, Volume 197, Issue 5, pp 282-293

Localization and segregation of lineage-specific cleavage potential in embryos of Caenorhabditis elegans

Rent the article at a discount

Rent now

* Final gross prices may vary according to local VAT.

Get Access

Summary

Early embryogenesis of the nematode Caenorhabditis elegans is characterized by the continuous visibility of a germline and the stepwise separation of all somatic cells from it. Germline and somatic cells exhibit different cleavage patterns. Typical for the germline is a series of stemcell-like, unequal cleavages generating blastomeres, which differ in size, cell cycle periods, and fate. Typical for members of somatic cell lineages during early development are their equal and synchronous cleavages generating cells of similar appearance. Using a laser microbeam various experiments have been carried out to investigate the conditions that lead to the two different types of cleavage. Development of partial embryos demonstrates that the potential for germline-like cleavage is localized in the posterior region of the fertilized egg prior to both the formation of pronuclei and the posterior aggregation of germline-specific granules. Experimental alteration of the cleavage plane can result in a switch from unequal to equal cleavage, with an apparent correlation between the orientation of the mitotic spindle and the type of cleavage. Nuclear transfer experiments indicate that nuclei and centrioles are not involved in the decision as to which type of cleavage will be executed. Cytoplasmic transfer from soma-like to germline-like cleaving cells and vice versa does not alter the cleavage type in the recipient cell. But if separation of germline from soma is delayed after the removal of a centrosome, germline-like cleavage may be completely suppressed, all cells thereafter dividing soma-like.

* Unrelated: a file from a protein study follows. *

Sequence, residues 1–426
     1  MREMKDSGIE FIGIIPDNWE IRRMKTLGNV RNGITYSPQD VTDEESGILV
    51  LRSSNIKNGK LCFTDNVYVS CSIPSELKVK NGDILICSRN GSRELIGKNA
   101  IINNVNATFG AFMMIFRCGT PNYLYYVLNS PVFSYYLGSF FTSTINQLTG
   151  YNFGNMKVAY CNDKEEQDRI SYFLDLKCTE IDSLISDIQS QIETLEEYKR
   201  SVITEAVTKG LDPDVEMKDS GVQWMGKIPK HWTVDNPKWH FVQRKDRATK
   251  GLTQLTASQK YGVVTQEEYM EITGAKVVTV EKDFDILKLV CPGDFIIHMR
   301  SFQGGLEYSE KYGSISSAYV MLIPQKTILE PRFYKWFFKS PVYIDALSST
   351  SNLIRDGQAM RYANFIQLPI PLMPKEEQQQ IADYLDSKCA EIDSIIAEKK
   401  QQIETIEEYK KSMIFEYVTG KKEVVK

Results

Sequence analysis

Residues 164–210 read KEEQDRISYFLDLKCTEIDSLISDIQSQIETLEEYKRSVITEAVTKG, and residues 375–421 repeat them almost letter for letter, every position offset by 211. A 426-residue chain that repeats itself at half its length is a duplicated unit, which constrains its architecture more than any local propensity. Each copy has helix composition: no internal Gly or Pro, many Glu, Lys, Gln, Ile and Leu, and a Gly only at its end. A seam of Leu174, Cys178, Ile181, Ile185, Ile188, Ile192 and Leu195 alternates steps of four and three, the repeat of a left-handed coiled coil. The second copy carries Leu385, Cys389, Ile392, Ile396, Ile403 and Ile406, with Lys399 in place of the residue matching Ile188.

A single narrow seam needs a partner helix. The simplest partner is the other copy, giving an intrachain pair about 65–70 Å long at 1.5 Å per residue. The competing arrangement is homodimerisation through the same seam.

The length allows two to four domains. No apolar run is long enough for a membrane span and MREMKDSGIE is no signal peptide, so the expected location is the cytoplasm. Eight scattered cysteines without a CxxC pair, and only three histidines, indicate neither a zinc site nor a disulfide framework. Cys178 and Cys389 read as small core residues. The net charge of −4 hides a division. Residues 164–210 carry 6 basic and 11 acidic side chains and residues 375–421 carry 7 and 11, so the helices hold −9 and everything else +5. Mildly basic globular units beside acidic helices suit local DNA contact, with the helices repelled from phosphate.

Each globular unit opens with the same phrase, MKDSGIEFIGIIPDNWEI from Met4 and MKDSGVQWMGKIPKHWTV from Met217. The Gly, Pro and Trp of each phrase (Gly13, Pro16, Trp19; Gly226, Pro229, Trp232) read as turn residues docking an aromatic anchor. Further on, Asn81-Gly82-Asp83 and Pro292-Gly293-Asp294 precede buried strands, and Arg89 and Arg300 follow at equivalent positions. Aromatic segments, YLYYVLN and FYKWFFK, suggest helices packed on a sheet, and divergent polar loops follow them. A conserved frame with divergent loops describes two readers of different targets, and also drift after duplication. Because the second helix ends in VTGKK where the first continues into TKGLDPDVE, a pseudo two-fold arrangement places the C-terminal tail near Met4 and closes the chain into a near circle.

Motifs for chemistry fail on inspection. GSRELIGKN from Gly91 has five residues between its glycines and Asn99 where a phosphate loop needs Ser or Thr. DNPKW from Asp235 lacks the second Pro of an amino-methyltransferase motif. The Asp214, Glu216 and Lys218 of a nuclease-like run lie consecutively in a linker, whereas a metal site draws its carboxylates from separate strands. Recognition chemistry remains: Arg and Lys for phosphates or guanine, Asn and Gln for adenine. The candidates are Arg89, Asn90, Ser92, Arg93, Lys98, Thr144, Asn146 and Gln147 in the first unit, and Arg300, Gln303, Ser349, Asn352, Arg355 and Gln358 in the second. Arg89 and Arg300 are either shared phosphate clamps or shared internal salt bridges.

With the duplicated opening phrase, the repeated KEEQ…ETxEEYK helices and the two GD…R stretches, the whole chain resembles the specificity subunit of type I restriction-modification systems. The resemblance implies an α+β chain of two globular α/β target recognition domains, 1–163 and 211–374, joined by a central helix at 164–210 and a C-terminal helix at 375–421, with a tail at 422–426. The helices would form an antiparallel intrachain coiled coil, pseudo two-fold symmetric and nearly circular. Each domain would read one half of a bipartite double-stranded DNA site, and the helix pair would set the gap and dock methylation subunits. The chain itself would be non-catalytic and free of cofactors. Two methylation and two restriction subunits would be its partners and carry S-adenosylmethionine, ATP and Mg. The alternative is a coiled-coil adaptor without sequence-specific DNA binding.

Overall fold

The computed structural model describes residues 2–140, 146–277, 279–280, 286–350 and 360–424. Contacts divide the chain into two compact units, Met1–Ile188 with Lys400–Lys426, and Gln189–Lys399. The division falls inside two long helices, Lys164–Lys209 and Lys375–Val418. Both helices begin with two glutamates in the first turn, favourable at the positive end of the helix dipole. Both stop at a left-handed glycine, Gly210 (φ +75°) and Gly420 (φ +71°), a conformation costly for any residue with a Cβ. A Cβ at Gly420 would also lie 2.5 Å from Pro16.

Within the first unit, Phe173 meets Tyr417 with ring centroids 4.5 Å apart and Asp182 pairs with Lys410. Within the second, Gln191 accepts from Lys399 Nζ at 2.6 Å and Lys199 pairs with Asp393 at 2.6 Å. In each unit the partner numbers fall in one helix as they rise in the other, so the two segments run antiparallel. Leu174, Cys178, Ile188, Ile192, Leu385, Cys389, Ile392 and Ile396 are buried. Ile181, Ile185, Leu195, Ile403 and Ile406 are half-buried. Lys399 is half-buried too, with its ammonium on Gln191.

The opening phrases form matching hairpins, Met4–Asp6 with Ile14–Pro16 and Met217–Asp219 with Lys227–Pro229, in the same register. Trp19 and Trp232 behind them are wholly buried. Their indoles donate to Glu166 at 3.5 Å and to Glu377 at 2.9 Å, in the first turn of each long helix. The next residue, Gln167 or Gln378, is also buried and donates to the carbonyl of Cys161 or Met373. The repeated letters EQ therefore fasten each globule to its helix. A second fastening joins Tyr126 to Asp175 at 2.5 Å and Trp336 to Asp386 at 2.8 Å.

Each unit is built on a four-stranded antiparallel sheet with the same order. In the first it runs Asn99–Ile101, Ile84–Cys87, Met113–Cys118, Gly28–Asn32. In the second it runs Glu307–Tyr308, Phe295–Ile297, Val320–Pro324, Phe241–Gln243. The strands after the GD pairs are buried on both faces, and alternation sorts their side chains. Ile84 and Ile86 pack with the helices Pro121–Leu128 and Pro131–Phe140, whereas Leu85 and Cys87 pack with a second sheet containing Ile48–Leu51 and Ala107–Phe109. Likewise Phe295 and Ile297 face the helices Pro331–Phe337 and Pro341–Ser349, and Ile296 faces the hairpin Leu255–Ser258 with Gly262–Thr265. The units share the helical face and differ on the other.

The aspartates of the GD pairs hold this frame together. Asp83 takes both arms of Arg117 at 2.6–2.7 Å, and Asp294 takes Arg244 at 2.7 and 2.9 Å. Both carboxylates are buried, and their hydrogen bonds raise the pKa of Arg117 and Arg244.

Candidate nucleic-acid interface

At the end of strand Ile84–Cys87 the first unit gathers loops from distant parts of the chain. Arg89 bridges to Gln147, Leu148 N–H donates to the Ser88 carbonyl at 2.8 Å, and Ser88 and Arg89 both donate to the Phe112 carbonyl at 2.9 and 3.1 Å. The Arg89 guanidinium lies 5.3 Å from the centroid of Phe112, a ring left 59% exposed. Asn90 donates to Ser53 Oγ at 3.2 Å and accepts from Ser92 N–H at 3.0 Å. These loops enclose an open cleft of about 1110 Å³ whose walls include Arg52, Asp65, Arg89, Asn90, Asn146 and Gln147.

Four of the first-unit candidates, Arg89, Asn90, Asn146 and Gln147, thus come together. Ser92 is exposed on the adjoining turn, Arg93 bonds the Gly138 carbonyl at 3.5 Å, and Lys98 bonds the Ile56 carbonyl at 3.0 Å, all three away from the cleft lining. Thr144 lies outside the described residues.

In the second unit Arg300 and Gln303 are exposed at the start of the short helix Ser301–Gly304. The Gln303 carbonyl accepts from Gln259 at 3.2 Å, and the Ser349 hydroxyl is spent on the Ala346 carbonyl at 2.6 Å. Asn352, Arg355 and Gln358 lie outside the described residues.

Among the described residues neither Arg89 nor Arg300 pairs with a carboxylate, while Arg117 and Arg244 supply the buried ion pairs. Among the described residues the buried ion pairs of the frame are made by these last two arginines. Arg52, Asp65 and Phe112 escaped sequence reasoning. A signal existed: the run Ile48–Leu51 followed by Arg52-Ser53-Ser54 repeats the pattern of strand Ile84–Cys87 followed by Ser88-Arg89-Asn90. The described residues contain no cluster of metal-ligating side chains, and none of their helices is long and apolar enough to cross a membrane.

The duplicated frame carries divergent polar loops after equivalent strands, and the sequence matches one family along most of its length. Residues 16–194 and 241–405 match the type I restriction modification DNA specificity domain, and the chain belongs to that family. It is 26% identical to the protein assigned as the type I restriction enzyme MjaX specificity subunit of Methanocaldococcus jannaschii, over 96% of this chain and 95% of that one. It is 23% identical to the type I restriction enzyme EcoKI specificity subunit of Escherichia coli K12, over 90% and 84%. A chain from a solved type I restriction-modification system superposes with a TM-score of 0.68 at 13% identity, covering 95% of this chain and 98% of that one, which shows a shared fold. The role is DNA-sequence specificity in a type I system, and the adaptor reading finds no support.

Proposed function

Dedicated to Professor A. Egelhaaf on the occasion of his retirement